More ways to use Breaks
A further technique allows us to jump out of a loop if any one of several things happen.
Copy over the new program below, save it, run it, then read on to find out how it works:
# Loop control - Multiple events # Button on GP 15, LED on GP16 and potentiometer on ADC0 # Import the libraries from machine import Pin, ADC import time import random # Random number generator # === Set up section === # Set up button on GP15 as INPUT with PULL_DOWN button = Pin(15, Pin.IN, Pin.PULL_DOWN) # Set up LED on GP16 on Pi Pico led = Pin(16, Pin.OUT) # Set up the potentiometer on ADC pin 26, ADC0 potentiometer = ADC(Pin(26)) # === Main === count = 0 r = 0 running = True led.value(1) # Turn on LED while running: # Start looping – an infinite loop in effect print(count) count = count + 1 time.sleep(0.2) # Wait a second # Check the button - Do we want to stop looping? if button.value() == 1: # If button is pressed print("\nButton pressed = HALT") r = 1 running = False # Check for a second condition – value too big count_squared = count * count if count_squared > 120: print("\n Value too big") r = 2 running = False # Check for a third condition - random event event = random.randint(0,20)# Generate random number if event > 18: print("\Random event " + str(event)) running = False r = 3 # Check for a fourth condition - pot value too low # Read the potentiometer value pot = potentiometer.read_u16() if pot < 750: print("\nADC reading too low") running = False r = 4 led.value(0) # Turn off LED print("\nReason: " + str(r)) print("\nCount: " + str(count)) # Flash the built-in LED to indicate the stop method # Set up LED on GP25 on Pi Pico led_green = Pin(25, Pin.OUT) for i in range(r): led_green.value(1) time.sleep(0.5) led_green.value(0) time.sleep(0.5)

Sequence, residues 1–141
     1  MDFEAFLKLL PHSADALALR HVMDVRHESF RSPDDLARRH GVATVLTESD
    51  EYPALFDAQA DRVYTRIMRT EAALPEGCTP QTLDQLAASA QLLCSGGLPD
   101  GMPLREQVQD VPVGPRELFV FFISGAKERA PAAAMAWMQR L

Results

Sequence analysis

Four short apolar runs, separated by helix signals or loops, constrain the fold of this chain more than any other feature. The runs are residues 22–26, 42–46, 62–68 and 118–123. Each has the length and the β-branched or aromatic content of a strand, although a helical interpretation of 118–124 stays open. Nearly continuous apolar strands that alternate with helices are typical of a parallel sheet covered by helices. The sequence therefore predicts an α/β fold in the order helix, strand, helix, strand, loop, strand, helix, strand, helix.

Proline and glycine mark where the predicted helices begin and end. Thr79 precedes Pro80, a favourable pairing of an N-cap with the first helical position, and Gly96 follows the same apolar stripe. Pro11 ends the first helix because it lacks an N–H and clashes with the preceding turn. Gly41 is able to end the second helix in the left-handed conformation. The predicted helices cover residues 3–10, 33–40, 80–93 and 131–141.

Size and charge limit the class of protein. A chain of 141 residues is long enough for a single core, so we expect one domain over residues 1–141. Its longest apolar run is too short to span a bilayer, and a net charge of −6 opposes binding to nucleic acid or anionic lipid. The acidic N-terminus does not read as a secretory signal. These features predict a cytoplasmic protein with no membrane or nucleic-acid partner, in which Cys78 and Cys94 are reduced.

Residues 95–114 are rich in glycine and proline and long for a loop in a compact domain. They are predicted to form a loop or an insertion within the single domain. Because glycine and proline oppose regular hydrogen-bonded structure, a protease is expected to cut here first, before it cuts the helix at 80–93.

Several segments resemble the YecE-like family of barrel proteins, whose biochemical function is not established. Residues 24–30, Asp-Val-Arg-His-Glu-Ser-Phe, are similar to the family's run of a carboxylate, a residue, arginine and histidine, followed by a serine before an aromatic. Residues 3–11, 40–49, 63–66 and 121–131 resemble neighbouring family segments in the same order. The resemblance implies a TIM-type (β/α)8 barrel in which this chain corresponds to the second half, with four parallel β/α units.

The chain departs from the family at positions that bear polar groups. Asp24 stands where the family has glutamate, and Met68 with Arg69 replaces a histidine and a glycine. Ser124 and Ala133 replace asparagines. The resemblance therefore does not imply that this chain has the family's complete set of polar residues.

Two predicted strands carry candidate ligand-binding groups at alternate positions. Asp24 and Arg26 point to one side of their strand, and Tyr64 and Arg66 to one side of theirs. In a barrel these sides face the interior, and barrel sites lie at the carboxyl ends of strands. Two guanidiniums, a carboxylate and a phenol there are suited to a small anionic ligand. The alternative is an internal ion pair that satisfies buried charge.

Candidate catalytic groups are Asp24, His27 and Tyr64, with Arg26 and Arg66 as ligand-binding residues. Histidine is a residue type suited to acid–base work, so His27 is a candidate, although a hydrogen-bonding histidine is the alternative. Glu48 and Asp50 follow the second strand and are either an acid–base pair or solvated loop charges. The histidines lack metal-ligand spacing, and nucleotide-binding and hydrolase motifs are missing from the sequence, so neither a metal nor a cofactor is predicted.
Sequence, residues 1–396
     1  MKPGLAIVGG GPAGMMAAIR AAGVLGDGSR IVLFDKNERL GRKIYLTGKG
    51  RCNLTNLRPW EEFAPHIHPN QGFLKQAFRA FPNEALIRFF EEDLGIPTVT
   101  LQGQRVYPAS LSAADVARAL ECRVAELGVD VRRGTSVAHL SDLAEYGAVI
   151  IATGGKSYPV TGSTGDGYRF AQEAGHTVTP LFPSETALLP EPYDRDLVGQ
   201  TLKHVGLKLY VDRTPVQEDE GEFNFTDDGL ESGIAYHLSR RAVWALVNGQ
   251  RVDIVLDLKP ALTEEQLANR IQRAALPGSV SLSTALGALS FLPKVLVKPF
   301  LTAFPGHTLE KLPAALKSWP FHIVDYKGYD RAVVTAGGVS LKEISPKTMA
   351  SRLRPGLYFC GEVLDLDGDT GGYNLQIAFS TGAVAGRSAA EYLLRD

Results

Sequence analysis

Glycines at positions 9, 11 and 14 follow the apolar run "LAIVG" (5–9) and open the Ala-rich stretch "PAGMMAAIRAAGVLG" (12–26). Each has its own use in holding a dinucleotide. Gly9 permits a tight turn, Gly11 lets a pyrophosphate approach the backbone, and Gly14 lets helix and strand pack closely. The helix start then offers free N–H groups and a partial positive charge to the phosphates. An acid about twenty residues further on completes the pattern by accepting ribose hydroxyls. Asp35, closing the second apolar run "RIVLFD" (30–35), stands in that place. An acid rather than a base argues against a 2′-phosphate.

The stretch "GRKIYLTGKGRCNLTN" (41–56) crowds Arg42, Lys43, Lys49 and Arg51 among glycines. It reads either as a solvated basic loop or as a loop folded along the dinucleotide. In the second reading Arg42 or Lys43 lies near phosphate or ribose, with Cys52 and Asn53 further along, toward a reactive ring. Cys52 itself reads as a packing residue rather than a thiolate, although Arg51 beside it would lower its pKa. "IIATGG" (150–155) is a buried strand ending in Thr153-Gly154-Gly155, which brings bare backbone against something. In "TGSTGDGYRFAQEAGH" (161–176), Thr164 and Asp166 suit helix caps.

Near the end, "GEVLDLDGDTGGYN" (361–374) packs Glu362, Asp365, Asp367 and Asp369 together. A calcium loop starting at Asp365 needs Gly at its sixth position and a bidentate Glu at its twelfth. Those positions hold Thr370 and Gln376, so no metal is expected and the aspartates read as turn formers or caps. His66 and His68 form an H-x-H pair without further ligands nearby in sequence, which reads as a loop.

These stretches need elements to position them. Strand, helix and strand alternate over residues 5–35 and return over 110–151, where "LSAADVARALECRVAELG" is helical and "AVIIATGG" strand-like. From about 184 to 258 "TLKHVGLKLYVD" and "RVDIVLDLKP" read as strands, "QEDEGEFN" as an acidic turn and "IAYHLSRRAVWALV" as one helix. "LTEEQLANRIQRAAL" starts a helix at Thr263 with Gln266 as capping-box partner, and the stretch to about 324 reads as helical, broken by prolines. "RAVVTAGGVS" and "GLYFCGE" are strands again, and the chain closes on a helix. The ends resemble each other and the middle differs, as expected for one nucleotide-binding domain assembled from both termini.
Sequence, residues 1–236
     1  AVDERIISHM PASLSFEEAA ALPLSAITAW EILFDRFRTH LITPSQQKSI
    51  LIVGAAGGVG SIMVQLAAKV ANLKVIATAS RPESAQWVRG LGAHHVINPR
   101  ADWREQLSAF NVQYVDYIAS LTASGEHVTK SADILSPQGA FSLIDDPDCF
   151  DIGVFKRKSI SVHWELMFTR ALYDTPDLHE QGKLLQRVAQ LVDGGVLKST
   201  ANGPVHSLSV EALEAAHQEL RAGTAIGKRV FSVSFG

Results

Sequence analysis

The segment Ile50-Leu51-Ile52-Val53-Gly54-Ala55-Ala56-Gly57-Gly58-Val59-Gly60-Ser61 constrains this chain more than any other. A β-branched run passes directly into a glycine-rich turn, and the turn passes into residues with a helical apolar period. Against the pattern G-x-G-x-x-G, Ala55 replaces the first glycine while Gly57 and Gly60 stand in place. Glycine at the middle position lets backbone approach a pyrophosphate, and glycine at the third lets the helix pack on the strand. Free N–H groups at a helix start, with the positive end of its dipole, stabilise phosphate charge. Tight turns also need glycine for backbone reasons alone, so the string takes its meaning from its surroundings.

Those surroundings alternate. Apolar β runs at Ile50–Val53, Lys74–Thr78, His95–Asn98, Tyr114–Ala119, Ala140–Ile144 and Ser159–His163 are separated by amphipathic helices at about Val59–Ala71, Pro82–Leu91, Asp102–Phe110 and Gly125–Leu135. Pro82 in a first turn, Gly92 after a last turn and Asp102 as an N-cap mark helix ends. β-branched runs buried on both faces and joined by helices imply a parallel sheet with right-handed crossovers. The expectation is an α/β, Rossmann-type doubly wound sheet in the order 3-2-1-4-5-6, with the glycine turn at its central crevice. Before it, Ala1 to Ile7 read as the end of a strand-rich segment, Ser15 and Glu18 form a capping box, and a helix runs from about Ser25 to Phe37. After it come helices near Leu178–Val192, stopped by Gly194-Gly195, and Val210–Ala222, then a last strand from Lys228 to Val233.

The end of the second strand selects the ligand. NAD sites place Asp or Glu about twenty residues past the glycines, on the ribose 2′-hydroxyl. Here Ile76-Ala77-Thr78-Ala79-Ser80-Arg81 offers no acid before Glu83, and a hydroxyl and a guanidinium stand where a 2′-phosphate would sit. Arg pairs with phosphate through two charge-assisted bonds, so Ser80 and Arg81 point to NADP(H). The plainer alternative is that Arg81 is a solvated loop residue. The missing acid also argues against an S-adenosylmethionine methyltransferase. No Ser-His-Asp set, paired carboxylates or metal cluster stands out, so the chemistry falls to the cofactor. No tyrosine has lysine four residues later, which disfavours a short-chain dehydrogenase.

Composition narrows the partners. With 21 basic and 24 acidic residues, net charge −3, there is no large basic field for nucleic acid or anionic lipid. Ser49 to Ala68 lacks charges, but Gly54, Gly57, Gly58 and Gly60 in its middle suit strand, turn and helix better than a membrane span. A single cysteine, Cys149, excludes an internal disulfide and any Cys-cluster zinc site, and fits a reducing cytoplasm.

We set the value of a variable running to True and start, effectively, an infinite loop. If we change the value of running to False inside the loop it will stop looping.
Here we have set up four different ways of halting the loop:
- Pressing the button
- A calculated value getting too big – out of range
- A random event – here simulated; but could be picked up from a sensor – too hot?
- The reading from the potentiometer getting too low – out of range
At the end of the program, we flash the green built-in LED on the Pico to indicate the way the loop was stopped.
event = random.randint(0,20)
This generates a random integer value between 0 and 20 inclusive - a great aid for simulation.
pot = potentiometer.read_u16() if pot < 750:
This code gets a value from the Analog to Digital Converter (ADC0), an integer in the expected range of 0 to 65535. We check for a low reading. The potentiometer is connected to ADC0 and controls the value input.
Time limited loops
The instruction, now = time.time() saves the current time in seconds.
We can use this to run loops for a specified time as shown in the example below. The loop time is about 1 second so you may have to hold the button down for at least a second to force an early stop.
Notice that the second loop only starts if the button is not being pushed. If the button is still being pushed between the loops the user is asked to release it.
# Loop control - Time Controlled Loop # Button on GP 15, LED on GP16 and potentiometer on ADC0 # Import the libraries from machine import Pin, ADC import time # === Set up section === # Set up button on GP15 as INPUT with PULL_DOWN button = Pin(15, Pin.IN, Pin.PULL_DOWN) # Set up LED on GP16 on Pi Pico led = Pin(16, Pin.OUT) # === Main === now = time.time() # Current time from seconds counter stop = now + 5 # 5 seconds later print("First loop - seconds counter\n") led.value(1) # Turn on LED while time.time() < stop: # Looping until stop time print(str(time.time())) time.sleep(1) # Wait a second # Check the button - Do we want to stop looping? if button.value() == 1: # If button is pressed print("\nButton pressed = HALT") break led.value(0) # Turn off LED print("\nFirst loop finished") if button.value() == 1: print("\n=== Release button ===") # Wait for button to be released while button.value() == 1: continue # Start second loop print("\nSecond loop - Flashing LED") for i in range(10): led.value(1) # Turn on LED time.sleep(0.15) led.value(0) # Turn off LED time.sleep(0.15) print("\nEnd of Program - Bye")